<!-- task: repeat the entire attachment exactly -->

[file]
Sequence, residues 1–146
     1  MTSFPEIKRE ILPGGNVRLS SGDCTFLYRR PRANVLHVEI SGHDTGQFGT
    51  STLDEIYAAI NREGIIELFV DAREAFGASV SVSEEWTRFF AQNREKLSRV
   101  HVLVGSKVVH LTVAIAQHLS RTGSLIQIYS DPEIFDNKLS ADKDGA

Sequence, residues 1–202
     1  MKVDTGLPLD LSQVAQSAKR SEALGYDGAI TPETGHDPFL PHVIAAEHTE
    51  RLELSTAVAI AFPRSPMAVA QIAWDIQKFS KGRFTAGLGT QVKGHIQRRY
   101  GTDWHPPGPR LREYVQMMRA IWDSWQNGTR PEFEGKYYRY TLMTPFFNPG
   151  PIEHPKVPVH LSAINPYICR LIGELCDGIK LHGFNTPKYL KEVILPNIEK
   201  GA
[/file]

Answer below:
Sequence, residues 1–146
     1  MTSFPEIKRE ILPGGNVRLS SGDCTFLYRR PRANVLHVEI SGHDTGQFGT
    51  STLDEIYAAI NREGIIELFV DAREAFGASV SVSEEWTRFF AQNREKLSRV
   101  HVLVGSKVVH LTVAIAQHLS RTGSLIQIYS DPEIFDNKLS ADKDGA

Sequence, residues 1–202
     1  MKVDTGLPLD LSQVAQSAKR SEALGYDGAI TPETGHDPFL PHVIAAEHTE
    51  RLELSTAVAI AFPRSPMAVA QIAWDIQKFS KGRFTAGLGT QVKGHIQRRY
   101  GTDWHPPGPR LREYVQMMRA IWDSWQNGTR PEFEGKYYRY TLMTPFFNPG
   151  PIEHPKVPVH LSAINPYICR LIGELCDGIK LHGFNTPKYL KEVILPNIEK
   201  GA